Fort Carson Quietly Mourns War Deaths

A composite of eight soldiers stationed at Fort Carson who died in a battle in Afghanistan. i i

hide captionEight soldiers, all from a single unit stationed at Fort Carson, died on Oct. 3 when their outpost in Afghanistan was attacked. From top left: Sgt. Justin T. Gallegos, 27; Spc. Christopher T. Griffin, 24; Sgt. Joshua M. Hardt, 24; Sgt. Joshua J. Kirk, 30; Spc. Stephan L. Mace, 21; Sgt. Vernon W. Martin, 25; Spc. Michael P. Scusa, 22; Pfc. Kevin C. Thomson, 22.

U.S. Army
A composite of eight soldiers stationed at Fort Carson who died in a battle in Afghanistan.

Eight soldiers, all from a single unit stationed at Fort Carson, died on Oct. 3 when their outpost in Afghanistan was attacked. From top left: Sgt. Justin T. Gallegos, 27; Spc. Christopher T. Griffin, 24; Sgt. Joshua M. Hardt, 24; Sgt. Joshua J. Kirk, 30; Spc. Stephan L. Mace, 21; Sgt. Vernon W. Martin, 25; Spc. Michael P. Scusa, 22; Pfc. Kevin C. Thomson, 22.

U.S. Army

As the White House considers the country's future role in Afghanistan, U.S. soldiers continue to fight and die there.

Eight soldiers, all from a single unit stationed at Fort Carson, died on Oct. 3 when their outpost in Afghanistan was attacked. The men ranged from 21 to 30 years old. The attack came just a few days shy of the eighth anniversary of the start of Operation Enduring Freedom in Afghanistan.

Outside Fort Carson's main entrance near Colorado Springs, there are no flowers, candles or any other sign that this base recently suffered the largest number of deaths in a single battle since the Vietnam War.

Fred Haddock of Pueblo, Colo., outside the main gate at Fort Carson. i i

hide captionFred Haddock of Pueblo, Colo., outside the main gate at Fort Carson.

Jeff Brady/NPR
Fred Haddock of Pueblo, Colo., outside the main gate at Fort Carson.

Fred Haddock of Pueblo, Colo., outside the main gate at Fort Carson.

Jeff Brady/NPR

But on Thursday, there was one guy holding a neon green sign that read simply, "Thank you." Fred Haddock of Pueblo, Colo., says he's stood outside Fort Carson a couple of days each year since the Sept. 11 terrorist attacks in 2001.

"Maybe sometime, somewhere, some guy in some hell-hole — and all hell's breaking loose — will remember that there's one son-of-a-bitch out here that still appreciates why he's there," says Haddock.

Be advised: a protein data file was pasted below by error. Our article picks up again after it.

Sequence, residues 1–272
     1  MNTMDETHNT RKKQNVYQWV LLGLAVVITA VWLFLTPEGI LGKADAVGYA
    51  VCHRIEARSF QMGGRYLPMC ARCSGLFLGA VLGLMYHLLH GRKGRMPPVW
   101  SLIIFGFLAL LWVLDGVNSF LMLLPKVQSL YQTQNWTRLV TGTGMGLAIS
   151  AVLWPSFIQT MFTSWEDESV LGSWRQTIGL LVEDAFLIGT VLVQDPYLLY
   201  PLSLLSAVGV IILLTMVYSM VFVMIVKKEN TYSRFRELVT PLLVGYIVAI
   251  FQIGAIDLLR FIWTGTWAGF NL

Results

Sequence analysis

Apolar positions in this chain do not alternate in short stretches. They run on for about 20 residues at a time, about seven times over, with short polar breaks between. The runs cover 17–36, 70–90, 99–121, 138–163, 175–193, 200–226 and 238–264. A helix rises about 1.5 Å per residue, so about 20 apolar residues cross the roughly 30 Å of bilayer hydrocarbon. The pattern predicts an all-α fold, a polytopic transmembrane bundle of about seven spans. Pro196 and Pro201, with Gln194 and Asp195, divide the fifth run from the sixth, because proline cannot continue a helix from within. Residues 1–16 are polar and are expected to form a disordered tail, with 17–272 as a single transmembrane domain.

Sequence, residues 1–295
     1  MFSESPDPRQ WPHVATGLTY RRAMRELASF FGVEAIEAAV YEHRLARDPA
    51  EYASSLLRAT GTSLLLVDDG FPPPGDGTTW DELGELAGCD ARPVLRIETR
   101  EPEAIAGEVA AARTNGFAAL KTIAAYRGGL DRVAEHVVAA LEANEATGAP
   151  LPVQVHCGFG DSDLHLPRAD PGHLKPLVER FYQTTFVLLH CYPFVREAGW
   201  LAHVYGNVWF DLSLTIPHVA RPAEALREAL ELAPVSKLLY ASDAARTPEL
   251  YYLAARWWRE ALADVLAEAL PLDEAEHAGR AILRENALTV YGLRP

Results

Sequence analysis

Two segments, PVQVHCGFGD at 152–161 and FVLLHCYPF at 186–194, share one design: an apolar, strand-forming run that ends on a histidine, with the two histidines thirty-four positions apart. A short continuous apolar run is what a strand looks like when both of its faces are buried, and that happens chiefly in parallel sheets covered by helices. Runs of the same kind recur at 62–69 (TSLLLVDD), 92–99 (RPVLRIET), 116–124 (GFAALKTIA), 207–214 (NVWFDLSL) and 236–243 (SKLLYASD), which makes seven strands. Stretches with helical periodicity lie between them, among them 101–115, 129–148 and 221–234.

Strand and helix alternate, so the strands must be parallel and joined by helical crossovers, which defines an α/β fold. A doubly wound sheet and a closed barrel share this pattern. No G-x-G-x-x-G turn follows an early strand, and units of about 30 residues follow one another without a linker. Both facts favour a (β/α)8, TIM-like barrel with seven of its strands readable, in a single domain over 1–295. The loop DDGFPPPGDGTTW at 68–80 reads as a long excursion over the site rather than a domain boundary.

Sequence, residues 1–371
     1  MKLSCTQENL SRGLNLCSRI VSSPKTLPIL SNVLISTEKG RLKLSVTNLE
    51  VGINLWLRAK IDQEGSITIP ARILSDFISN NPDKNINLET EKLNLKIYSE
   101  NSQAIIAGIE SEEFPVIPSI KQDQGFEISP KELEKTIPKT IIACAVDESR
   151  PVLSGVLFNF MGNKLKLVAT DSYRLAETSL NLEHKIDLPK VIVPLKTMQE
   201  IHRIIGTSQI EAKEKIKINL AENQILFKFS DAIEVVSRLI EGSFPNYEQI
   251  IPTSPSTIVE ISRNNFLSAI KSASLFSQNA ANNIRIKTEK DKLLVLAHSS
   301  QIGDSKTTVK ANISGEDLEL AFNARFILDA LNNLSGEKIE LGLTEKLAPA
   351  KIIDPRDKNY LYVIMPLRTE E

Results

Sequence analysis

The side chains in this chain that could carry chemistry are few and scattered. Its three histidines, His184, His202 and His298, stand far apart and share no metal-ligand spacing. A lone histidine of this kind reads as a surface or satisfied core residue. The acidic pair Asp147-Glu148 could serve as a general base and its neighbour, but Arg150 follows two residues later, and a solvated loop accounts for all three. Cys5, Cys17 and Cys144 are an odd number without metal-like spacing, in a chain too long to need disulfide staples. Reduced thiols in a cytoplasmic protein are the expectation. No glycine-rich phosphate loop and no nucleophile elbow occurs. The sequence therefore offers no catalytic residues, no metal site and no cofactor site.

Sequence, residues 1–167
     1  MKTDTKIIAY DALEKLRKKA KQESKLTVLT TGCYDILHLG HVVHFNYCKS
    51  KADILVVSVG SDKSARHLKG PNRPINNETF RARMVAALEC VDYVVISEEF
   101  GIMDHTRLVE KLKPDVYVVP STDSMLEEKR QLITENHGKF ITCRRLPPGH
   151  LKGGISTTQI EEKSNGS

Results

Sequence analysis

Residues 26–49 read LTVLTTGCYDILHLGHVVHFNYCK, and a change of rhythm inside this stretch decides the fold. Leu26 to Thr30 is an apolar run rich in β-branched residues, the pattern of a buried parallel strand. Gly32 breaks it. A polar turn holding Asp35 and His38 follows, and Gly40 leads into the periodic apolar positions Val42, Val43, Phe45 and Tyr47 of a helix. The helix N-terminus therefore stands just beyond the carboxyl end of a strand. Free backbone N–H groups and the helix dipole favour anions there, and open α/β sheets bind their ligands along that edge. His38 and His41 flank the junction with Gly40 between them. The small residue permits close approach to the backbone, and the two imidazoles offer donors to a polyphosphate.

Military wife Heather Gravens says her husband will be deployed to Afghanistan in about a month. She says when it comes to combat deaths military families don't have the luxury of getting emotional over each individual passing anymore.

"We feel sorry for the people who lost their lives and especially their family — for the grieving that they have to do," says Gravens. "But in the same breath, it's not over. So we have to keep going."

At a Fort Carson press conference on Wednesday, military leaders said service members in the affected unit were keeping their spirits up, because they knew their dead colleagues helped to win that particular battle.

"There were a lot of heroes on that day," said Maj. Daniel Chandler, commander for the 4th Infantry Brigade Combat Team Rear Detachment. "They're really rallying around themselves and morale in the 4th Brigade Combat Team is high and it's getting stronger."

The wars in Afghanistan and Iraq have claimed 279 Fort Carson soldiers. Currently about 3,500 military personnel from the base are deployed in Afghanistan.

As the number of dead and injured soldiers has risen, the atmosphere in nearby Colorado Springs has changed. Gone are many of the Support the Troops banners in local store fronts. There are fewer flags and not as many yellow ribbons. In their place a form of stoicism has set in.

College student Tasha Bryant says she's a military brat. Her dad was in the Army. When news of the eight deaths came, she chose to focus on the sacrifice the soldiers made.

"I'm more thankful than anything," says Bryant. "[Rather] than sit and grieve, I want to focus more on the fact that I'm thankful that somebody, at least, went over there."

Local residents also want to know that soldiers volunteering for the military are doing it for a good reason, according to Father Bill Carmody. He's pastor at nearby St. Dominic Catholic Church, where he says 85 percent of the parishioners are active or retired military. But Carmody says he's not heard much talk about the soldiers who died.

"Most people around here want to make sure they didn't die in vain," says Carmody, "and what I mean by that is, are we going to win this war on terrorism or not?"

This is one big reason residents of this military town will watch closely as President Obama decides the country's future role in Afghanistan.

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